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Advance Directives Can Protect All Kinds of Patients from Pain and Suffering

December 11th, 2018
By Zach Christiansen of The Bowling Christiansen Law Firm, A Professional Law Corporation on Tuesday, December 11, 2018.

NEW ORLEANS, Louisiana. Advance directives allow patients to make decisions about their long-term care. According to a properly executed advance directive can tell doctors and your family what you want, so that should you become too ill to make decisions for yourself, doctors and family know what your wishes would be. Advance directives can provide detailed information about whether you would want dialysis, want to be on a breathing machine, or want to be tube fed, should you become too ill to make these decisions for yourself. An advance directive can also provide doctors with information about whether you want to donate organs.

Advance directives are often drafted by older Americans, or by individuals with chronic or terminal illnesses, like cancer. Yet, more recently, mental health patients with serious conditions have also been drafting advance directives, according to the New York Times. Mental health patients face unique challenges because when they experience a psychotic break or a crisis, they may not always be able to advocate for themselves. If doctors who are unfamiliar with their condition encounter them in the emergency room, they can sometimes do more harm than good. For example, some kinds of psychiatric medications can become ineffective if discontinued. Other patients’ conditions can be made worse by being placed in involuntary commitment wards.

A psychiatric advance directive can be a kind of living medical treatment plan that allows patients to provide information to doctors and emergency personnel. Mental health treatment is one area where every patient is truly unique. Finding the right balance of medication, therapies, and services can take years and that balance can be disrupted if a patient is given the wrong treatment or is taken off medication that had been working.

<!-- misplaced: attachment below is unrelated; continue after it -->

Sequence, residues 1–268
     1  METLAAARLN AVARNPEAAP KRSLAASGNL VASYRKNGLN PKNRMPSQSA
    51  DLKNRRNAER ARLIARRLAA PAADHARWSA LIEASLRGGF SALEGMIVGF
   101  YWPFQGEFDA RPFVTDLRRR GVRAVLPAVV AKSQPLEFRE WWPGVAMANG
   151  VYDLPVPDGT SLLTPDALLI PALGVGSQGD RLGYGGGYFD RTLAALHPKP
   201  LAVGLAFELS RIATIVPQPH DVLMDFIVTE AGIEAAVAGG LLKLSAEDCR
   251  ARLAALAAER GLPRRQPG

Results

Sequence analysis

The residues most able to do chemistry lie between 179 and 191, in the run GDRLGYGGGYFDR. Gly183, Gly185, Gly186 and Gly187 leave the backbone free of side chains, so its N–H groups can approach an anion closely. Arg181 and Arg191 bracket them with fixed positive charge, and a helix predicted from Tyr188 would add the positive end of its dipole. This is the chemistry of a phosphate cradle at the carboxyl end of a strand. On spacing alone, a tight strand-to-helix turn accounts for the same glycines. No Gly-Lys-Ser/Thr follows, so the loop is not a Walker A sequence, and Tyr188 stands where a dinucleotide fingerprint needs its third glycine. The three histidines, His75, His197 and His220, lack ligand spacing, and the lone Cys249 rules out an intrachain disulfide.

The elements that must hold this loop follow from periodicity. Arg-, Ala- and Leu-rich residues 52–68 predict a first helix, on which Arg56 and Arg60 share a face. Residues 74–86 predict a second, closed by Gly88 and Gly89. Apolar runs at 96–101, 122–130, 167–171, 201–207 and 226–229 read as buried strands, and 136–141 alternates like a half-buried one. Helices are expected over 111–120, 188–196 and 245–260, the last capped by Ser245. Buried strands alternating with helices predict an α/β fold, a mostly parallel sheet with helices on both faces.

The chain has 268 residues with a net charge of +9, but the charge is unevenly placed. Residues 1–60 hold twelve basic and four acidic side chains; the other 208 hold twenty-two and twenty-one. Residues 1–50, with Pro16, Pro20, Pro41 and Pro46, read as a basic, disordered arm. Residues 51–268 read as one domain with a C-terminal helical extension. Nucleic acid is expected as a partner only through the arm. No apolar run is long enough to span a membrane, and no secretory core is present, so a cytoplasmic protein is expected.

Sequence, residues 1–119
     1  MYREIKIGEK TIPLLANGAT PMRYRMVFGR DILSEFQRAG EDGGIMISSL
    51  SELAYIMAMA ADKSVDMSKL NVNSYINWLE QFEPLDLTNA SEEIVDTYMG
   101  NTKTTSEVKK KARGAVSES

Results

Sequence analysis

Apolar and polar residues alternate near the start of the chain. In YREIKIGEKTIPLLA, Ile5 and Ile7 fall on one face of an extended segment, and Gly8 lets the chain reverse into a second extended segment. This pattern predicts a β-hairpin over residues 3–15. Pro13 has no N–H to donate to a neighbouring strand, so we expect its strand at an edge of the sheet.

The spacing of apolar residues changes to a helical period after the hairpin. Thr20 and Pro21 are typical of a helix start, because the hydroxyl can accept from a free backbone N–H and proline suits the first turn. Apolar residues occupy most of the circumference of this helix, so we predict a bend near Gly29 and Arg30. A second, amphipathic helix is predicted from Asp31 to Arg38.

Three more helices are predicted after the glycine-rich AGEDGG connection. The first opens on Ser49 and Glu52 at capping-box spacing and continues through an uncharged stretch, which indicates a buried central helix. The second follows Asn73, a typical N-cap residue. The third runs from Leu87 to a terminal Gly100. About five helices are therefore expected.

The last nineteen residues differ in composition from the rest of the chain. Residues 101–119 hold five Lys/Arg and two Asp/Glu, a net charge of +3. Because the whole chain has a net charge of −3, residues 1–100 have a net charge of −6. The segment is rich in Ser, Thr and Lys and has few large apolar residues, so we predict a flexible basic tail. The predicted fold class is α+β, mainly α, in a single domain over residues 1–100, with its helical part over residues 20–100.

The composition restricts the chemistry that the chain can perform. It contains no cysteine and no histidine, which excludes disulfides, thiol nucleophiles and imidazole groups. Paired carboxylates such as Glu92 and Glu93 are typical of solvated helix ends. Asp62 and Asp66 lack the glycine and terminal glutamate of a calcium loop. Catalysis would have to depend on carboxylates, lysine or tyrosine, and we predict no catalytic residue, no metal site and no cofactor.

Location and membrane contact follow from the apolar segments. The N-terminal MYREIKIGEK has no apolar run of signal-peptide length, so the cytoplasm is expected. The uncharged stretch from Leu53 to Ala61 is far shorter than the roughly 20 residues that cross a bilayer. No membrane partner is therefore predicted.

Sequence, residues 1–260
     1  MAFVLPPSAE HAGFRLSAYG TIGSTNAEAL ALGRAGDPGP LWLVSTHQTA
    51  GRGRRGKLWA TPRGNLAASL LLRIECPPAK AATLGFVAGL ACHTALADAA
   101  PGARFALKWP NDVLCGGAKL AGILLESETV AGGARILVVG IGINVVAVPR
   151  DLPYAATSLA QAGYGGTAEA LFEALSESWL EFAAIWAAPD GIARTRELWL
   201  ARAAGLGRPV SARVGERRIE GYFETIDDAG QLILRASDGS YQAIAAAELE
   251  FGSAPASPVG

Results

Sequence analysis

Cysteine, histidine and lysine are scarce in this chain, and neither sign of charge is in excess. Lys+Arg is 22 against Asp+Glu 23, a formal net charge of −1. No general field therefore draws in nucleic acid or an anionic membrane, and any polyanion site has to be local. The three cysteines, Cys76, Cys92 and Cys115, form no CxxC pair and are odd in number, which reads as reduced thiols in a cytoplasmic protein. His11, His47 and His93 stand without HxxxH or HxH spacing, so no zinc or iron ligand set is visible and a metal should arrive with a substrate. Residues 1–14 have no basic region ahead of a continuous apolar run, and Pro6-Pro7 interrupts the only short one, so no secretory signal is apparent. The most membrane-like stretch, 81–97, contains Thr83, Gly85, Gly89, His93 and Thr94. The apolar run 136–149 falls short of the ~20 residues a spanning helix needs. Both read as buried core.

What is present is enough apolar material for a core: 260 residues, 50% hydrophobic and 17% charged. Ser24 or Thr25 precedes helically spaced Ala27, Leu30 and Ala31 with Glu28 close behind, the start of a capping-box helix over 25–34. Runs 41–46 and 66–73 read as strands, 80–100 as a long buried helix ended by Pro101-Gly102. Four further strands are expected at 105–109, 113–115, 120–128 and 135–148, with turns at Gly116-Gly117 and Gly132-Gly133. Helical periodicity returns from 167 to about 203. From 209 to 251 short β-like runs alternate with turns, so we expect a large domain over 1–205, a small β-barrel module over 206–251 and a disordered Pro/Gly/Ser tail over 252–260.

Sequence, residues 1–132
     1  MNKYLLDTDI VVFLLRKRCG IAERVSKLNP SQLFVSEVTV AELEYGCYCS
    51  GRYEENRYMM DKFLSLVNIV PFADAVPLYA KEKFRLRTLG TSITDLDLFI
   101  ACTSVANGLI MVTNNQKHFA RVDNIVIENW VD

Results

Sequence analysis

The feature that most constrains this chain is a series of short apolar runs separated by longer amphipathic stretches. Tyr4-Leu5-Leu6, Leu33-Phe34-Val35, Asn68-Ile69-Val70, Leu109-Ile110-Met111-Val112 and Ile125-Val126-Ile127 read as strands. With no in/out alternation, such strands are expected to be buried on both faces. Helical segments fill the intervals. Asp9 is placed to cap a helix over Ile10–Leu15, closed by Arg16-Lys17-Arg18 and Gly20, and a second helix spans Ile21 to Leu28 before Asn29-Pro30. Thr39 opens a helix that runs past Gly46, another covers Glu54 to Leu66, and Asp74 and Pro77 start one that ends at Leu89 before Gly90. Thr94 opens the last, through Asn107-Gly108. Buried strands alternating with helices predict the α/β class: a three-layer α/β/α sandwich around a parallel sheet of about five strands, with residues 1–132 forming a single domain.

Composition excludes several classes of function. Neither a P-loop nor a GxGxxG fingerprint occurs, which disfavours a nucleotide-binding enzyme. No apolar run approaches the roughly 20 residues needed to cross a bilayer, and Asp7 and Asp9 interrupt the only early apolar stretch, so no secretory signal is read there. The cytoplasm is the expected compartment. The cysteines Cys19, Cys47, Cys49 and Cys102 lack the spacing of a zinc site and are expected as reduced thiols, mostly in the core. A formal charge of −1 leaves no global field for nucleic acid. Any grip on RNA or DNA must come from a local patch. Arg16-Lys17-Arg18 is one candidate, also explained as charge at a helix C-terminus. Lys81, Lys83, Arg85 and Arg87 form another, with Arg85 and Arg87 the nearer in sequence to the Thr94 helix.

So, what rights do you have if you or a loved one is a mental health patient? First, you have the right to receive adequate medical care. If you believe that a doctor’s decision worsened your condition, you may be entitled to pursue a medical malpractice lawsuit. The Bowling Christiansen Law Firm are medical malpractice lawyers who assist victims in New Orleans, Louisiana who may have suffered as a result of involuntary commitment or because they received treatment without their consent.

Mental health medicine is a unique field because in many cases, when patients become too ill to advocate for themselves, they are often near death. Mental health patients can experience episodes where they may not be able to advocate for themselves for several weeks, but otherwise they are entirely healthy. This is why protecting these patient’s legal rights is paramount. Medicare and Medicaid have increased their requirements for hospitals to ask patients if they have advance directives in place. According to the Times, some patients register their advance directives with state databases to ensure that doctors get the information.

Advance directives also ensure that trusted family or friends can help make decisions for the patient in the event of a crisis. Patient privacy laws can often interfere with a patient’s treatment because doctors often won’t speak to family or loved ones, citing privacy laws. With an advance directive in place, family can help. You can also visit here to learn more

If you or a loved one has suffered an injury in a hospital setting, consider speaking to the The Bowling Christiansen Law Firm today. Our medical malpractice attorneys are here to help.

The Bowling Christiansen Law Firm, A Professional Law Corporation

1615 Poydras Street, Suite 1050

New Orleans, Louisiana, 70112

Phone: (504) 586-5200

Toll Free: (504) 586-5200

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